And now, a personal incident that is roughly related.
It is junior year in high school. It is English class. It is time for an oral book report. the book I chose is J.D.TSalinger’s Catcher in the Rye, which is on the list above, and has been regularly banned for over seventy years since its publication in 1951.
The plan for my report was to read aloud a few quotes from the book. I wasn’t sure about a particular quote, but the girl sitting next to me, very pretty and very voluptuous (by high school or any standards) urged me to do it.
I stood up, and this is the quote from the book that caused the commotion:
“I went down by a different staircase, and I saw another “Fuck you” on the wall. I tried to rub it off with my hand again, but this one was scratched on, with a knife or something. It wouldn’t come off. It’s hopeless, anyway. If you had a million years to do it in, you couldn’t rub out even half the “Fuck you” signs in the world. It’s impossible.”
The reason for the bannings of Catcher, even now, is the plethora of “fuck yous” in this great book. My case was no exception. Word got around the school about my report, and I was called to the office of the Vice Principal. I was told I had to be punished, and I was.
Salinger/Holden Caulfield was right. We know that those words and the hundreds of other instances of transgression can’t possibly be rubbed out, and shouldn’t be, especially among creators and their readers/viewers/listeners. The fact is that in this century “fuck you” is everywhere, in movies, on TV and in songs, not to mention where it has always been—in our real lives.
Director Jean-Luc Godard has died at the age of 91.
You can read millions of words about him, about the influence he and other French, European and American directors of that generation had on the way movies are made and viewed. Godard is neart the top of many lists, because a series of films he made during the 1960s helped change everything. Not to mention that the films, once seen, whatever your response (delight, thoughtfulness, confusion), will not allow you to watch any other movies the same way.
It began in 1960 with Breathless (French: A Bout de Souffle). You can read about it elsewhere and, more, view clips or the full movie online. You should (and follow that by viewing some others by Godard).
Here I take a different approach. Breathless opened in New York on February 8, 1961. At that point New York had a dozen or more what were called “art houses” where you could see the most recent foreign films. In fact, Breathless opened at a theater called the Fine Arts.
Above is the New York Times ad of that day for Breathless. For context, here is the biggest ad in the New York Times for a very different popular movie, The Wackiest Ship in the Army.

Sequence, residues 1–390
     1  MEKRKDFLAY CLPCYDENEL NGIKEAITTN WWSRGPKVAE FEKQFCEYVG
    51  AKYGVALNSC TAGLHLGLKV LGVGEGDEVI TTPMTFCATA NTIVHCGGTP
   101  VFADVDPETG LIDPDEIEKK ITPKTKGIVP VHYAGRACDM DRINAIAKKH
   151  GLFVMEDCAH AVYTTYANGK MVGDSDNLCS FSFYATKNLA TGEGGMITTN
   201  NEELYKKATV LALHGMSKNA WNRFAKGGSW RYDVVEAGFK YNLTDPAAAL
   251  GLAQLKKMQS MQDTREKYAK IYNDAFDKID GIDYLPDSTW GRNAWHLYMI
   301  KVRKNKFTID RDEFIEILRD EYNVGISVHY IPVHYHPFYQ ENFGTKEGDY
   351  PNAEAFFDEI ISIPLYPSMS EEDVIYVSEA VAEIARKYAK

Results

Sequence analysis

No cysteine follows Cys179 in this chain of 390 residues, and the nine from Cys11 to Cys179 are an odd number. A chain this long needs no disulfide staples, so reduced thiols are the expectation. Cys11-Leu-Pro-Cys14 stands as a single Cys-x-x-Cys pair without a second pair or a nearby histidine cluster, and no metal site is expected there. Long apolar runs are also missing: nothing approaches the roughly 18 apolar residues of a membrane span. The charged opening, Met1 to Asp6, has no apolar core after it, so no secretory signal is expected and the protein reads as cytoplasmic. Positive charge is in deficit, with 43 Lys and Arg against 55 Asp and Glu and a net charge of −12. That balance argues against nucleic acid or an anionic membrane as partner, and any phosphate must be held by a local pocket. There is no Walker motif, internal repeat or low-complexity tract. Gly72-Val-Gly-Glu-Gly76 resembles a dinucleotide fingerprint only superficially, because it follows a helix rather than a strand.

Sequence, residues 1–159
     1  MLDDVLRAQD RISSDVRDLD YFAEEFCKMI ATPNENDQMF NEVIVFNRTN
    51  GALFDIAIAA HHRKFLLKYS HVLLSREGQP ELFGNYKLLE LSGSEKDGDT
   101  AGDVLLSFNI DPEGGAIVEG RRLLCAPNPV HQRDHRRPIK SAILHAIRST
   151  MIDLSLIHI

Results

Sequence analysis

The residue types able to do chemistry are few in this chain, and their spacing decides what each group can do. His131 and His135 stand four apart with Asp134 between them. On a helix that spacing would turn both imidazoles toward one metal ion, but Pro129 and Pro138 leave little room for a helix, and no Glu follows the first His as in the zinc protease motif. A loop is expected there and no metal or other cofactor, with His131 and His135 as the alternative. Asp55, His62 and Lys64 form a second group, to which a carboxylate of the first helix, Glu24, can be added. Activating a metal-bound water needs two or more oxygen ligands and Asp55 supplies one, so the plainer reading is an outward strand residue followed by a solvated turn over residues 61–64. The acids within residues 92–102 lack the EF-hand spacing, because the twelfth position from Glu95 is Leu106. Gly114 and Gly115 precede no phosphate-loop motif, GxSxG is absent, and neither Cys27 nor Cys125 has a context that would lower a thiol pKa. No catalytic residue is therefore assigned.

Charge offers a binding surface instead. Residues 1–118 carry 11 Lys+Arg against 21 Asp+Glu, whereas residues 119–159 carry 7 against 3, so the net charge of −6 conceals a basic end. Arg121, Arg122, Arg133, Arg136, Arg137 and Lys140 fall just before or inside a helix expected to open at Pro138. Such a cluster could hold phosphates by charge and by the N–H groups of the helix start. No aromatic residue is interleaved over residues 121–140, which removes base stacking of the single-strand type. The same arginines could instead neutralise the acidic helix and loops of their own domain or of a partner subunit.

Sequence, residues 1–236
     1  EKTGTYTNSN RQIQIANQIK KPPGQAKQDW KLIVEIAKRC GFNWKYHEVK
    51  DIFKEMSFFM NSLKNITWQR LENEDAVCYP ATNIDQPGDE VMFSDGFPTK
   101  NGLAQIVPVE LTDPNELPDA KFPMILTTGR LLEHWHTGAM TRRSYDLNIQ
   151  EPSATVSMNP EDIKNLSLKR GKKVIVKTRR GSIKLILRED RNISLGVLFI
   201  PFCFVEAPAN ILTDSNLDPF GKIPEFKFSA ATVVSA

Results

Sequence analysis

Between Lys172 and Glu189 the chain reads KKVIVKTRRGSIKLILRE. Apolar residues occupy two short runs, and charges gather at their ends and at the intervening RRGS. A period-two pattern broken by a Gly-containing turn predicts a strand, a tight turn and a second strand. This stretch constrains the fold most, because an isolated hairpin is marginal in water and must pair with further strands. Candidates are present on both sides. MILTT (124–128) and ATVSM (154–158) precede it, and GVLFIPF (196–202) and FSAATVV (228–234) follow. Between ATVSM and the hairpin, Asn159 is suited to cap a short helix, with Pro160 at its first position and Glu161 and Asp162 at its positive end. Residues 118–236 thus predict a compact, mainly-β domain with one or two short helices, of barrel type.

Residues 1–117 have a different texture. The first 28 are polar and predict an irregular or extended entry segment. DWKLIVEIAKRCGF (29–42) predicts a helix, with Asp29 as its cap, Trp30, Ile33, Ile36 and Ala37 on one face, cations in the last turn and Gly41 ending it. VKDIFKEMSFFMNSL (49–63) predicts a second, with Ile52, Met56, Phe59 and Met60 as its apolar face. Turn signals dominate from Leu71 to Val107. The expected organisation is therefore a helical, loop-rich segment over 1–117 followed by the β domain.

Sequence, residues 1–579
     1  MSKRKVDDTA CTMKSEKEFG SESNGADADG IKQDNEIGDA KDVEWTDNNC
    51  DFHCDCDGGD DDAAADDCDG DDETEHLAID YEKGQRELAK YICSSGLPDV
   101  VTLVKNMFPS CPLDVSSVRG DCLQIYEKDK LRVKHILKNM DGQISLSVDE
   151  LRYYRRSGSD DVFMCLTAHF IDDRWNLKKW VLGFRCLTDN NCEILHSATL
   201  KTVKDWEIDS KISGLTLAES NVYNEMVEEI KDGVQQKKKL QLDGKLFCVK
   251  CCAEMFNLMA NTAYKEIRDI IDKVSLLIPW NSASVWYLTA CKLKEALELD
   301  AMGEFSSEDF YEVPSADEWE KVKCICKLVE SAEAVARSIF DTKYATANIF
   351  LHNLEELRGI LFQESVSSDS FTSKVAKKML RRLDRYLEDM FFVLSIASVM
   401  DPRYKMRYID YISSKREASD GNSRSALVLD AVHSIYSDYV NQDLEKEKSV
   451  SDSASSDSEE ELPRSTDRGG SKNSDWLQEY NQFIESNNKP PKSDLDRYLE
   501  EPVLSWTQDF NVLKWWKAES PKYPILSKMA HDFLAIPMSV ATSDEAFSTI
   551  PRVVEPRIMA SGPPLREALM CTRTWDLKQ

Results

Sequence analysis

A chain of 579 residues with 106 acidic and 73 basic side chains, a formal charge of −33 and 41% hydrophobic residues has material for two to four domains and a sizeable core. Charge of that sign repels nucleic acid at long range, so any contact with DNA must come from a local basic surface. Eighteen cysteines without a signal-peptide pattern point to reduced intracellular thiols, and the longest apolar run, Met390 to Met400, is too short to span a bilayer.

If you watch the two movies together, not just look at the ads, you will conclude that they were made not in different countries but on different planets. Which is the point. It was possible to put together a camera, a story, a scene and some actors to create a record of a visit to another planet which happened to be right here, or in the case of Breathless, Paris. All you needed was a director with the creativity and sense of total freedom.
Not everyone agreed this was a good thing. Bosley Crowther was the iconic film critic at the New York Times when Breathless arrived. His review revealed not only his tastes but the general sense of America at that point. John F. Kennedy had been president for about two weeks. Most of America was still culturally conservative, and sensing that something was going on, particularly with some young people on the fringes (or worse, in their own homes). Crowther reflected that in his review, excerpted below:
SORDID VIEW OF FRENCH LIFE
By Bosley Crowther
As sordid as is the French film, “Breathless” (“A Bout de Souffle”), which came to the Fine Arts yesterday—and sordid, is really a mild word for its pile-up of gross indecencies—it is withal a fascinating communication of the savage ways and moods of some of the rootless young people of Europe (and America) today….
But in the frenetic fashion in which M. Godard pictures these few days-the nerve tattering contacts of the lovers, their ragged relations with the rest of the world there is subtly conveyed a vastly complex comprehension of an element of youth that is vagrant, disjointed, animalistic and doesn’t give a damn for anybody or anything, not even itself….
All of this, and its sickening implications, M. Godard has got into this film, which progresses in a style of disconnected cutting that might be described as “pictorial cacophony.” A musical score of erratic tonal qualities emphasizes the eccentric moods. And in M. Belmondo we see an actor who is the most effective cigarette-mouther and thumb-to-lip rubber since time began.
Say this, in sum, for “Breathless”: it is certainly no cliche, in any area or sense of the word. It is more a chunk of raw drama, graphically and artfully torn with appropriately ragged edges out of the tough underbelly of modern metropolitan life.
Sordid, gross indecencies, savage, animalistic, sickening. If you have seen Breathless, or will, you wonder what Crowther was watching. But it tells us about the cultural vision of much of America in February 1961, a vision that is still alive in some of America. Films can entertain us by reinforcing sweet fairy tales we tell ourselves. No blame for such entertainment. But films can also remind us that the literature of fairy tales has dark streams and unhappy endings. Godard, maybe more than any of his cohort of new guard directors, told stories in new ways that shattered the fairy tales. Some movies, thanks to him and others, are shattering them still.